The Next Big Cyber-Attack Vector: APIs

The Next Big Cyber-Attack Vector: APIs

By Torsten George for Security Week

With cyber-attacks on enterprise networks becoming more sophisticated, organizations have stepped up perimeter security by investing in the latest firewall, data and endpoint protection, as well as intrusion prevention technologies. In response, hackers are moving to the path of least resistance and looking for new avenues to exploit. Many security experts believe the next wave of enterprise hacking will be carried out by exploiting Application Programming Interfaces (APIs).

In fact, cyber adversaries are already targeting APIs when planning their attacks. The data breach at Panera Bread is a good example. The bakery-café chain left an unauthenticated API endpoint exposed on its website, allowing anyone to view customer information such as username, email address, phone number, last four digits of the credit card, birthdate, etc. Ultimately, data belonging to more than 37 million customers was leaked over an eight-month period. This raises the question on how to minimize the growing cyber security risk associated with APIs without hampering the benefits they provide in terms of agile development and expanded functionality.

API usage in application development has become the new de facto standard, whereby developers take advantage of integrating functionality from third-party provided services rather than building all the capabilities they need from scratch. This allows for a more agile development process for new products and services. According to a One Poll study, businesses on average manage 363 different APIs, and two-thirds (69 percent) of those organizations are exposing their APIs to the public and their partners. Developers can augment their code by searching API libraries such as API Hound, which uses machine scanners to find its 50,000+ APIs, or ProgrammableWeb, which maintains the world’s largest hand-curated directory of APIs — now measured at over 17,000.

While APIs support the interactive digital experiences users have gotten used to and are fundamental to a business’ digital transformation, they provide hackers with multiple venues to access an organization’s data and can even be used to cause massive business disruptions. Common attack methods being used to exploit APIs include:

● API Parameter Tampering - Hackers often use this technique to either reverse engineer an API or gain further access to sensitive data.

● Session Cookie Tampering - These attacks attempt to exploit cookies in order to bypass security mechanisms or send false data to application servers.

● Man-in-the-Middle Attacks - By eavesdropping on an unencrypted connection between an API client and server, hackers can access sensitive data.

● Content Manipulation - By injecting malicious content (e.g., poisoning JSON Web tokens), exploits can be distributed and executed in the background.

● DDoS Attacks - Poorly written code can be used to consume computer resources by sending invalid input parameters, subsequently causing a disruption to the API-supported Web application.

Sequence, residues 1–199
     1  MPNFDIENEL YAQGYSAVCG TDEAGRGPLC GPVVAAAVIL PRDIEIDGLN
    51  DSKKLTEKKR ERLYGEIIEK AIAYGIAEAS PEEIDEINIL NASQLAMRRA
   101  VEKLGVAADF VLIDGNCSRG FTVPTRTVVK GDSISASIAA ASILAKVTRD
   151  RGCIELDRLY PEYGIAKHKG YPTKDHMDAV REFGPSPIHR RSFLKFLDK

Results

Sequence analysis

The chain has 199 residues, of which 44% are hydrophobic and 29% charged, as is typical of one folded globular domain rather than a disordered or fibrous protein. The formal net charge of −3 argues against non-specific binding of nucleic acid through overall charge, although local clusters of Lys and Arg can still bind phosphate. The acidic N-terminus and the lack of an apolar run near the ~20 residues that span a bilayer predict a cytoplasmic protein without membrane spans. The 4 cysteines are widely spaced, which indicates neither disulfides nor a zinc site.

To minimize their exposure to API-based threats, organizations should take the following precautions:

1. Think Security

Unfortunately, DevOps security – or DevSecOps as it is now called – is often underrepresented in the software development process, including securing public-facing APIs. Developers need to consider the security implications of API usage within the overall development process, including ways in which APIs can be used for nefarious purposes.

A fundamental component in securing APIs lies in implementing solid authentication and authorization principles. For APIs, developers commonly use access tokens that are either obtained through an external process (e.g., when signing up for the API) or through a separate mechanism (e.g., OAuth). The token is passed with each request to an API and is validated by the API before processing the request.

2. Apply Common Industry Security Best Practices and Standards

Abiding to coding best practices and keeping tabs on the most common API vulnerabilities (e.g., SQL/script injections and authentication vulnerabilities) should be a core best practice for developers and DevSecOps personnel. The Open Web Application Security Project (OWASP) is a good source for this type of information.

3. Monitor via API Gateway

When disparate APIs are stored in an applications code base, an API gateway can be used to monitor, analyze and throttle traffic to minimize the risk of DDoS attacks, and enforce preset security policies (e.g., authentication rules). According to One Poll, 80 percent of organizations use a public cloud service to protect the data behind their APIs with most businesses using the combination of API gateways (63.2 percent) and Web application firewalls (63.2 percent).

Embracing these DevSecOps recommendations can minimize the security risks associated with API exposure and keep applications safe from cyber security breaches.

Read the original online article at Security Week.